By DOUGLAS BRINKLEY
The New York Times
Published: October 15, 2006
By Michael Streissguth.
Illustrated. 334 pp. Da Capo Press. $26.
Long before Johnny Cash became immortalized as the “Man in Black” because he refused to wear rhinestones at the Grand Ole Opry, he was grappling with twisted visions of sin and salvation, like a soapbox preacher trying to decode God’s Plan in the public square. Gospel songs like “I’ll Fly Away” filtered through him and never left. Raised impoverished during the Great Depression, this brooding young Arkansan absorbed tall tales and hillbilly banter like a kerosene-hungry railroad lantern. At night, the dysfunctional Cash family would gather at the kitchen table and talk about Jesus Christ. By day, Johnny (or J. R., as he was called) would work the cotton fields reciting old-time Protestant hymns to ward off the tedium.
Then there were the Gene Autry movies that brought cowboy cavalcades into his imaginative life, thrilling him with romantic notions of the purple sage. By all accounts, he was the proverbial kid by the camp ring of fire, leaning forward with bated breath, absorbing his elders’ rural cadences with the attentive ears of a piano tuner. No mundane utterance passed his notice. Somehow he managed to extract the ethereal from even cornball blather. “He was the one who could express himself and his feelings more than the rest of us,” one childhood friend recalls. “He was sensitive. He thought a little deeper than the rest of us. He went way down deep inside and brought up feelings.”
Among the numerous coming-of-age anecdotes that populate the early chapters of Michael Streissguth’s richly detailed “Johnny Cash: The Biography,” however, one stands out. It involves a Texas hobo who wore a ragged blue bandanna around his neck, like the ghost of Jimmie Rodgers. Occasionally this mysterious codger, named Jim George (or so he said), would appear at the Cash homestead, eager to swap yarns for a hot meal. Because this drifter “smelled like a barnyard,” as Cash later explained, the singer’s mother would coax Jim George to wash up. But even in the bath, he wouldn’t take off his bandanna. When teased about this, the vagabond turned somber. “I don’t want you to see the rope burns,” he said. “I was hanged with some of the James Gang in 1882.”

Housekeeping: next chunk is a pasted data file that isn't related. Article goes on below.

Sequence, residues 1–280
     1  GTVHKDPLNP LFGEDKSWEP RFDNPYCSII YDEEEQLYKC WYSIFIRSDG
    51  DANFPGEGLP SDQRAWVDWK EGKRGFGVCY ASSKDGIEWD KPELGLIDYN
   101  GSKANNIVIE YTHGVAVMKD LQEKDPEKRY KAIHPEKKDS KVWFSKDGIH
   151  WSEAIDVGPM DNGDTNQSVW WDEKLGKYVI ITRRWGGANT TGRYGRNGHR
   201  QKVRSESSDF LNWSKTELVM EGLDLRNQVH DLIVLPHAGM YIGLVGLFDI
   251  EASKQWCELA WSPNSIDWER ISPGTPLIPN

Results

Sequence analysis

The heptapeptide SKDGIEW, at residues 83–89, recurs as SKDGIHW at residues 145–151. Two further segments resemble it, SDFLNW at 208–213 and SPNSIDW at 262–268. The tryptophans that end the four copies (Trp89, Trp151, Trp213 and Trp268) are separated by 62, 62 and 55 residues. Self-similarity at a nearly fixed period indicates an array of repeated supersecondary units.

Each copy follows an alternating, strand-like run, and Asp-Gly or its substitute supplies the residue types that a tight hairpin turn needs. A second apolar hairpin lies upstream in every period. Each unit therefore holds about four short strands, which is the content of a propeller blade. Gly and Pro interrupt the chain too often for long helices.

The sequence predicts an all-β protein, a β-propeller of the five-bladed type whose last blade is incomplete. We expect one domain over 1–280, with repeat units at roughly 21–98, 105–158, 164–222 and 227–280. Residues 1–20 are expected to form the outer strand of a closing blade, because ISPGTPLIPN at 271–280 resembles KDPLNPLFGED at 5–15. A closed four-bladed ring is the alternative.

A whopper like that, delivered during World War II by a bum, defies credibility. But Cash, even as late as 1997, seemed to take Jim George at his word. “We didn’t have any reason not to,” Cash told The Journal of Country Music. “The law was if they hanged you and you didn’t die, you were set free.”
No recent American recording artist — not even a trickster like Bob Dylan or Miles Davis — has been as proficient at male mythmaking as Cash was. Whether it was honoring the Texas gunslinger John Wesley Hardin or the alcoholic Iwo Jima veteran Ira Hayes or the country music legend Hank Williams, among dozens of others, Cash’s repertory brimmed with songs about these heroic all-American Lazaruses. The Sun Records impresario Sam Phillips once claimed that Howlin’ Wolf’s voice was “where the soul of a man never dies.” The same could be said of Cash. Hardin, Hayes and Williams may have perished as mortals, but Cash made sure their brazen exploits were remembered. Like Jim George, Cash seemed to be telling stories from the half-grave, full of roguish confessions and redemptive pleas, reporting back to listeners what it meant to shoot a man in Reno just to watch him die, or scream “Hey Porter” as the Orange Blossom Special headed straight for San Quentin. For all his uplifting Billy Graham crusade performances, and there were many, it was his dark real-life travails — the horrific death of his older brother Jack by a wood-shop blade, his penchant for gobbling amphetamines, his bouts of infidelity — that inspired his most enduring art.